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Compassion and Understanding in Dementia Care

Watching a loved one cope with illness is difficult. When that illness involves memory loss, it can be even tougher on friends and family.

Approximately 47 million people worldwide are afflicted with dementia, according to recent World Health Organization (WHO) estimates.  That number is expected to nearly triple by the year 2050. At Santé, our dedicated home health care specialists understand the difficulties of living with dementia, and the impact of memory loss on family interactions.

Santé’s trained caregivers are versed not only in the causes of dementia and memory loss, but in effective ways to cope with the behaviors associated with this disorder. Family members afflicted with dementia may experience frustration and confusion as an anxiety response to change.

To minimize this, our compassionate and understanding home health aides work to:

  • Listen and respond

The first step to caring for a person with dementia is listening to what he or she has to say. When they become agitated, ask questions and respond accordingly. Speak in soothing tones, asking “How can I help you?” or “What do you need?” and reassuring him/her that you are there to hear their concerns. Let them know they are safe and cared for; that everything is under control. Never ignore or criticize a person with dementia.

  • Create a soothing environment

Having a welcoming and familiar space, whether in their home or a post-acute care facility, can help a person with dementia feel calm even during stressful times. Find music your loved one enjoys. A comfort object, such as a favorite knick-knack or early family photo, can sometimes tamper agitation in those with dementia.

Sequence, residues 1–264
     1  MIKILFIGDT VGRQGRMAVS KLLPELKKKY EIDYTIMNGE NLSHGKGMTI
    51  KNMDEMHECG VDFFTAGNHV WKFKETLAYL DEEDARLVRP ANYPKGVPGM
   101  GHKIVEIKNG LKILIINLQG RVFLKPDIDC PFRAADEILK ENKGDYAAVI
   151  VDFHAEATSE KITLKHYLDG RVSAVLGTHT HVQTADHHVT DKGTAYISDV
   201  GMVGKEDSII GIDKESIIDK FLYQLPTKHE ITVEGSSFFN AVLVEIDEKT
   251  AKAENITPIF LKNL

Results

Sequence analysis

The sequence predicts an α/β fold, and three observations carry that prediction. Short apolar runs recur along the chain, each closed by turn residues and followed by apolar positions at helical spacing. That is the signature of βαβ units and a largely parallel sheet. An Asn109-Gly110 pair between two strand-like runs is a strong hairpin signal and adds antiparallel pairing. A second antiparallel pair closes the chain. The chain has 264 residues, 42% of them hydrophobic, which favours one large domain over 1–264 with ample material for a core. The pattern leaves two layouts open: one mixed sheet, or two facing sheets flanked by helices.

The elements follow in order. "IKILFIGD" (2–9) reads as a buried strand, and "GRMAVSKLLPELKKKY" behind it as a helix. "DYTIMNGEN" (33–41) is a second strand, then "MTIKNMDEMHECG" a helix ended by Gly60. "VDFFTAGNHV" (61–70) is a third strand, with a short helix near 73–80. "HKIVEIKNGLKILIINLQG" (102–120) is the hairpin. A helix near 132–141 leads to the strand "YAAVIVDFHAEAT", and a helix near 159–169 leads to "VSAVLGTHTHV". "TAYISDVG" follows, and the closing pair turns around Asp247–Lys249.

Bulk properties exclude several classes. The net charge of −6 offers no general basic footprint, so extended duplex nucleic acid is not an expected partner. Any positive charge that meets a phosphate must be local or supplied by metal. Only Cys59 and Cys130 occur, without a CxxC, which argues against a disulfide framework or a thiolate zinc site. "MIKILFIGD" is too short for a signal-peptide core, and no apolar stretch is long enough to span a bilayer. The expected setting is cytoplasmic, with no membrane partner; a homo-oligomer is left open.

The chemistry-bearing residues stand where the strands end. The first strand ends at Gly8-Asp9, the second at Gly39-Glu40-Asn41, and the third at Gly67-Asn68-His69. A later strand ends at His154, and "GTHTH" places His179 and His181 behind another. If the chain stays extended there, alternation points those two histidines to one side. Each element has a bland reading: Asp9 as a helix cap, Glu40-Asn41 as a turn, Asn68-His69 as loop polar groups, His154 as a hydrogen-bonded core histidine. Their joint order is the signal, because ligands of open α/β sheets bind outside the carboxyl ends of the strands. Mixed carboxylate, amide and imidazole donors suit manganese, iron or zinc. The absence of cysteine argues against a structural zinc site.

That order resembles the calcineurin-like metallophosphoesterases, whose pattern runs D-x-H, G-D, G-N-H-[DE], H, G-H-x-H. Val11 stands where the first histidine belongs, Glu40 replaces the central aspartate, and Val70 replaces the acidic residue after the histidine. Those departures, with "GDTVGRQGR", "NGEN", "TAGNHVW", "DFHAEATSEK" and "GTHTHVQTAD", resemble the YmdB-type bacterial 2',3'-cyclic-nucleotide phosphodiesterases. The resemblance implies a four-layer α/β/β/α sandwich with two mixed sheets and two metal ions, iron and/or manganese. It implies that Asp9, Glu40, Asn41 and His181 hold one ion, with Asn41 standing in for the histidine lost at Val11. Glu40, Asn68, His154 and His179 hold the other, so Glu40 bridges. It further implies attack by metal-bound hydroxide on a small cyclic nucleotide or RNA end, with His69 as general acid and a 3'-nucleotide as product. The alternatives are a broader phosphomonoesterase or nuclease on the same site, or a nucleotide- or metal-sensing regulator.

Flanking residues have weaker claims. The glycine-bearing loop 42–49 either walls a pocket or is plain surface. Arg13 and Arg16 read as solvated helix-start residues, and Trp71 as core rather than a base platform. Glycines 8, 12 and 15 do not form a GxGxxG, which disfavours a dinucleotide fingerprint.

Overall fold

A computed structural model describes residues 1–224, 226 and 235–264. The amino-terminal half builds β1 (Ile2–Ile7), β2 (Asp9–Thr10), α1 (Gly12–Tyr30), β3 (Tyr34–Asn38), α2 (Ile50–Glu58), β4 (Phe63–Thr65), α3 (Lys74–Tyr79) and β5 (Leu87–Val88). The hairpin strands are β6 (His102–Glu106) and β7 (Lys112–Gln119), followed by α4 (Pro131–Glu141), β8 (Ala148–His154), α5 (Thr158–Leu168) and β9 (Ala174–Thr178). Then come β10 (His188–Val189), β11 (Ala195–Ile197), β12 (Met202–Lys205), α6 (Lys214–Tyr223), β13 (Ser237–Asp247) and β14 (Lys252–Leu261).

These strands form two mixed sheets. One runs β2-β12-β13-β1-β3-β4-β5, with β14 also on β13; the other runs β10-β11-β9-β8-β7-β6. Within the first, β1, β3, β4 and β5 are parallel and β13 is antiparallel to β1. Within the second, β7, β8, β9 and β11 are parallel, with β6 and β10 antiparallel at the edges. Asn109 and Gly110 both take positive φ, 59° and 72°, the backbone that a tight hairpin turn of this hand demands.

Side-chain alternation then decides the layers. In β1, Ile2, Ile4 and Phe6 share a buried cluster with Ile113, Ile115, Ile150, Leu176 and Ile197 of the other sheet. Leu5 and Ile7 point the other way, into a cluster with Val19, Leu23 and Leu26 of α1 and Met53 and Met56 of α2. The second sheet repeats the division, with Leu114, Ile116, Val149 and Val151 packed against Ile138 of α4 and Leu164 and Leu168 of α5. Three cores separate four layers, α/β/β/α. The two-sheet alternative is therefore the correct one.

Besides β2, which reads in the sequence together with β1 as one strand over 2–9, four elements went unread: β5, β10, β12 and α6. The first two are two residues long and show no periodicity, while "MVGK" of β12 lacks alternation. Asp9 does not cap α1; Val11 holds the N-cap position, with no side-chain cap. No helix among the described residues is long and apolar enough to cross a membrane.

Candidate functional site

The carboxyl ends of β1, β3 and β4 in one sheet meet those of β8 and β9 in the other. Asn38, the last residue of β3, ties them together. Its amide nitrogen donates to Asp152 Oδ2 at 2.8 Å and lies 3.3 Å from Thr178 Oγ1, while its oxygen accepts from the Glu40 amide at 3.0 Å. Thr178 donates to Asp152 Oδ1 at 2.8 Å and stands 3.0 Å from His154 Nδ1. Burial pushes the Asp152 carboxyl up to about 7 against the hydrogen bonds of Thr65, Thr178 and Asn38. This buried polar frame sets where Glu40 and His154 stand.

• Set small goals

Help your loved one by breaking tasks down into smaller, easier goals. Author and organizational creativity expert SARK would call these steps, “micro-movements.” Dementia patients sometimes struggle with everyday tasks such as combing their hair or changing channels on the television. By breaking down each task into a step-by-step list, you can reduce frustration and help your loved one feel more independent.

  • Consider a distraction

When the above steps don’t work to calm your loved one, sometimes a welcome distraction is needed. If, for example, they get agitated after losing their keys, take the focus off the lost item and do something they enjoy. Find an activity to experience together, such as taking a walk or listening to music. If they enjoyed cleaning or organizing, try tasks that involve putting things in order.   

Dementia is a category of disorders which affect a person’s everyday functioning, including memory, judgement, motor skills and language. As more is learned about dementia and its causes, the focus has shifted from “protecting” those with memory loss to understanding how we can relate to them and improve daily interactions.  

If you need help caring for a friend or relative with dementia, contact Santé today to learn more about our home health care options.

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